Employment, Consumer credit, Social security comment, Corporate debt, Party affiliation

Year over year growth has been decelerating for all practical purposes in a straight line, as per the chart. And the downward revisions in prior months are further evidence of the weakness which began with the collapse in oil capex at the end of 2014. And wage growth increased at least partially because the jobs lost were largely those of lower income workers.

Also, at this point with low levels of deficit spending, both public and private, the economy is more likely to be path dependent. In other words, a drop in employment and sales for any reason is also a drop in income which probably means less subsequent spending, less income, etc. etc. but it take another month or so of data to see if that’s what’s happening:


The Department of Labor can’t quantify September’s hurricane effects on payrolls or the unemployment rate but they appear to be very dramatic nonetheless. Nonfarm payrolls were negative in September and, at minus 33,000, were well below Econoday’s low estimate. But the big surprise in today’s report are sudden indications of excessive labor market tightness as the unemployment rate fell 2 tenths to 4.2 percent and average hourly earnings spiked 0.5 percent with the year-on-year rate jumping 4 tenths to 2.9 percent. This report on the surface — and needing confirmation from the October employment report to follow next month — appears to change the dynamics for the labor market and suggests that the Federal Reserve, the decline in September payrolls aside, has fallen behind the inflation curve.

The 0.5 percent spike in earnings now matches July, which has been revised 2 tenths higher, as the strongest monthly surge of the expansion. The 2.9 percent yearly rate matches December last year as the expansion high. Revisions here are important and very sharp with August’s monthly change revised 2 tenths higher to a 0.3 percent increase with the yearly rate revised 2 tenths higher to 2.7 percent.

The 4.2 percent unemployment rate, derived from a separate set of data that also include the self-employed who are not on payrolls, is not only lowest of the expansion but of the prior expansion as well, going all the way back to January 2001. Here employment, likely reflecting a jump in those now actively looking for work, rose 906,000 at the same time that the number of unemployed fell 331,000. The pool of available workers which includes those who can work but aren’t pounding the pavement fell a very sizable 547,000 to 12.429 million. This reading is a sleeper in this report and points squarely at the risk of a wage flash point. The labor participation rate, reflecting the move toward employment, rose 0.2 percent to 63.1 percent to exceed Econoday’s high estimate by 2 tenths.

Turning now to payrolls, they were pulled lower by a 104,700 drop at restaurants. Again, the Labor Department says it can’t pin this on hurricanes but it does seem likely. Both August and July nonfarm payrolls were revised lower by a net 38,000. Manufacturing payrolls fell 1,000 in September following an upward revised 41,000 surge in August but also following a sharply downward revised 11,000 decline in July. But averaged together and including a 21,000 rise in June, manufacturing is definitely improving and is a further risk to wage inflation.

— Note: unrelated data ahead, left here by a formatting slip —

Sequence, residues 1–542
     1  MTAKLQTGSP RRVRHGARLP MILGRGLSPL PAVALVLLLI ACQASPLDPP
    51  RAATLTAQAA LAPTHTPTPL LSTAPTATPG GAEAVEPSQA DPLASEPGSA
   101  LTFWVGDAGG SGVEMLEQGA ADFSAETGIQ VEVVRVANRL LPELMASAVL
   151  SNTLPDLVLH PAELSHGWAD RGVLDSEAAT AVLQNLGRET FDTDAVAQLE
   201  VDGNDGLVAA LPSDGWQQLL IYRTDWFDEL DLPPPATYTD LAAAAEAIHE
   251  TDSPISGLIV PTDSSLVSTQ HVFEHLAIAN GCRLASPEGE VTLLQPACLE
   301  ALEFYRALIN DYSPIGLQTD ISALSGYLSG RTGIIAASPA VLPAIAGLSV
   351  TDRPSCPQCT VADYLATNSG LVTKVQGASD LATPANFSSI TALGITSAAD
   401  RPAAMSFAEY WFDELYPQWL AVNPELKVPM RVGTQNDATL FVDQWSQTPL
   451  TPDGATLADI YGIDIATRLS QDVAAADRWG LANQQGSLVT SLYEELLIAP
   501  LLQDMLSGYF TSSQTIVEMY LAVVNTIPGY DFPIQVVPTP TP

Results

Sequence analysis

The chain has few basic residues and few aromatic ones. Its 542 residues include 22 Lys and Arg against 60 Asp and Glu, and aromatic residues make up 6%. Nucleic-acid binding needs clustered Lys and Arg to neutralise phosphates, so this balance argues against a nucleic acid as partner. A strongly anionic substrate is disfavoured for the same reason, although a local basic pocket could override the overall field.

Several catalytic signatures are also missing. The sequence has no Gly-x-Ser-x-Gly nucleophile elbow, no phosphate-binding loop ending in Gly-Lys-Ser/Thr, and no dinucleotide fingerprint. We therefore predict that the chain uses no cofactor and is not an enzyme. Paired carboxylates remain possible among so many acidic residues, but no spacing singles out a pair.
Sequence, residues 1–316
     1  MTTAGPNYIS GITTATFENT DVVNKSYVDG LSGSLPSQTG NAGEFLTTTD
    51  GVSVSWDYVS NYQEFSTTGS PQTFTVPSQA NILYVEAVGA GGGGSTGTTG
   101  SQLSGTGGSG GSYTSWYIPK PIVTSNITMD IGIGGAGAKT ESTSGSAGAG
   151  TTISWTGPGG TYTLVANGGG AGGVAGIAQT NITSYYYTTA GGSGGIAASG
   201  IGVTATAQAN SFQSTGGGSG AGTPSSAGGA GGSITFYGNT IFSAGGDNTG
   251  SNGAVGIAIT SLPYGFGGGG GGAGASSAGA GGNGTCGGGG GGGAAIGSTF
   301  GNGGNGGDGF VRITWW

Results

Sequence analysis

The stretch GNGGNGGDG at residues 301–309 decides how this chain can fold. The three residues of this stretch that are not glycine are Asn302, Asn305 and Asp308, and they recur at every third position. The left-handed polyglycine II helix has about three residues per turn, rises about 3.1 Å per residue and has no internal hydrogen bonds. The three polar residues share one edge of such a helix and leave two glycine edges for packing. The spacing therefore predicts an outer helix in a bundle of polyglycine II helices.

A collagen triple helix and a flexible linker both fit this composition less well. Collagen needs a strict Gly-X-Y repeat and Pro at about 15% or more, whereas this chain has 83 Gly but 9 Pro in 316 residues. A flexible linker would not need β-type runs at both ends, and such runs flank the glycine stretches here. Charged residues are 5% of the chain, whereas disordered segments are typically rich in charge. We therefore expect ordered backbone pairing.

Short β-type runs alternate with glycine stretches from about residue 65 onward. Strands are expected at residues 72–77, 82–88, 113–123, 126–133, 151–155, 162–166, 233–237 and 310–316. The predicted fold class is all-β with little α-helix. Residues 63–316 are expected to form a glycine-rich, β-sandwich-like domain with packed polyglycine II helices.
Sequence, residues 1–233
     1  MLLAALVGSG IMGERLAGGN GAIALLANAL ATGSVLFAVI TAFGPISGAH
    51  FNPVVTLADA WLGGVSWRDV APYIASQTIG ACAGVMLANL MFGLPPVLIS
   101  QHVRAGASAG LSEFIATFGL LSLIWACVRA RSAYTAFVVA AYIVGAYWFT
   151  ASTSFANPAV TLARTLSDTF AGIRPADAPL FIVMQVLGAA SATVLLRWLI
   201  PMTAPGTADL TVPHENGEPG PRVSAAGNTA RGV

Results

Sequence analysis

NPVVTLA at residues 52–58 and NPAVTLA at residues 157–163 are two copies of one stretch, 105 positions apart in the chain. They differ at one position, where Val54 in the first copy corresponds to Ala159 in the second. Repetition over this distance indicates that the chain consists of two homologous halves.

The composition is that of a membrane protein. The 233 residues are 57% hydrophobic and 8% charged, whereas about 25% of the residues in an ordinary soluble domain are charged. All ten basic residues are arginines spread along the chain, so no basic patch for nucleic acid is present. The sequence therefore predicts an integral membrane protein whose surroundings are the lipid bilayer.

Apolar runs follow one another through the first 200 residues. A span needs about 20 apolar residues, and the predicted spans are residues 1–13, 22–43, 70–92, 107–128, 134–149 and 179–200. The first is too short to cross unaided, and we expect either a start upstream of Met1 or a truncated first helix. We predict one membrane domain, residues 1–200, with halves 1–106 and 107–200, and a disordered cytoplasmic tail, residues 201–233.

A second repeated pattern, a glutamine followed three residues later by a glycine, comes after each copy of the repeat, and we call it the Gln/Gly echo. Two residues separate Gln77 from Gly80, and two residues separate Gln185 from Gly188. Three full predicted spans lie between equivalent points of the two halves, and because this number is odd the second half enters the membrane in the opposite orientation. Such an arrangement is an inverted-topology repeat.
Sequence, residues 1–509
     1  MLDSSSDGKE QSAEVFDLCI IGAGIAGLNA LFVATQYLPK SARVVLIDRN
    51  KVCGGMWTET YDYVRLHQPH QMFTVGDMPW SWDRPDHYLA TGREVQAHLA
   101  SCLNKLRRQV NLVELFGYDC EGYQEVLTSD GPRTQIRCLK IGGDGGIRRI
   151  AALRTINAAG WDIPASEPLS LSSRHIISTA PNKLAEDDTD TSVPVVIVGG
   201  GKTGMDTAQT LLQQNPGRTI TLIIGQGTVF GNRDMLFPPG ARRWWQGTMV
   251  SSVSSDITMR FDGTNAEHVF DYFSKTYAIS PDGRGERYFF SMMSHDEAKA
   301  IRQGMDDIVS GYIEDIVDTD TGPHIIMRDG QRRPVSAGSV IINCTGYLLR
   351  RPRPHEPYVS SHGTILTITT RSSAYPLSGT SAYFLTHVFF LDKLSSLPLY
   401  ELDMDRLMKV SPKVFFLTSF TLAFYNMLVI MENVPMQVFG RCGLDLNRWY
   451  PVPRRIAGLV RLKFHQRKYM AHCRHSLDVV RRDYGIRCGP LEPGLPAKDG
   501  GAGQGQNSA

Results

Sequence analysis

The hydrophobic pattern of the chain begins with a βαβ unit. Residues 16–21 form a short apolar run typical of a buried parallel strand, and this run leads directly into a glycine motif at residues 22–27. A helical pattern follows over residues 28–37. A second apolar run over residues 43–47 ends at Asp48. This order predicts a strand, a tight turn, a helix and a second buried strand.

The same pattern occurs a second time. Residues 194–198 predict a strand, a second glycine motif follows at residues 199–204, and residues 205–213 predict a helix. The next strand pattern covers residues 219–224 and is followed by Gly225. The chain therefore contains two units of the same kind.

Other data include, in what perhaps is a surprise given the hurricane disruptions in the South, no change in the workweek, at 34.4 hours in a measure that tracks all private sector employees. Government payrolls are a positive in the report, up 7,000 and making for a 40,000 decline in private payrolls in what, in an aside, is yet another miss for ADP which called here for respectable growth.

The hurricanes are one factor that may or may not have skewed payrolls sharply lower, and probably did, but it’s the wage pressures that will make everyone on the FOMC, even the most dovish, suddenly concerned that wage-push inflation has arisen from the dead. The Department of Labor hasn’t offered adequate explanations of these results which puts the focus on individual Fedspeak with the chances of a rate hike at the month-end meeting, let alone the December meeting, now likely in play.

Even with this recent ‘spike’ it’s still very low by historically:

The deceleration continues, in line with recent data showing a deceleration in consumer spending. The jump in credit card borrowing could be due to falling incomes, aka ‘dipping into savings’, and also an unsustainable process:


Consumer credit rose a lower-than-expected $13.1 billion in August which masks, however, a sharp gain for revolving credit. This component, which is where credit-card debt is tracked, rose a sizable $5.8 billion in a gain that will renew talk of slackening credit standards among lenders. The gain for the nonrevolving component, where auto financing and also student loans are tracked, is an undersized $7.3 billion and explains the weakness in the headline. But this report is not about weakness but about strength, at least strength for consumer spending.

This is social security at work vs a low demand economy where support for labor has been removed. Game theory tells you ‘the labor market’ isn’t a ‘fair game’ as people need to work to eat, while business only hires if it likes the returns on investment:

Another way to look at corporate debt. Note that it grew slower this cycle, which is in line with slower gdp growth. Second, this is about as high as it’s gotten in past cycles and when it’s no longer contributing to growth GDP tends to slow. Third, looks like it flattened with the collapse of oil capex, then had a move up, and has most recently turned sideways: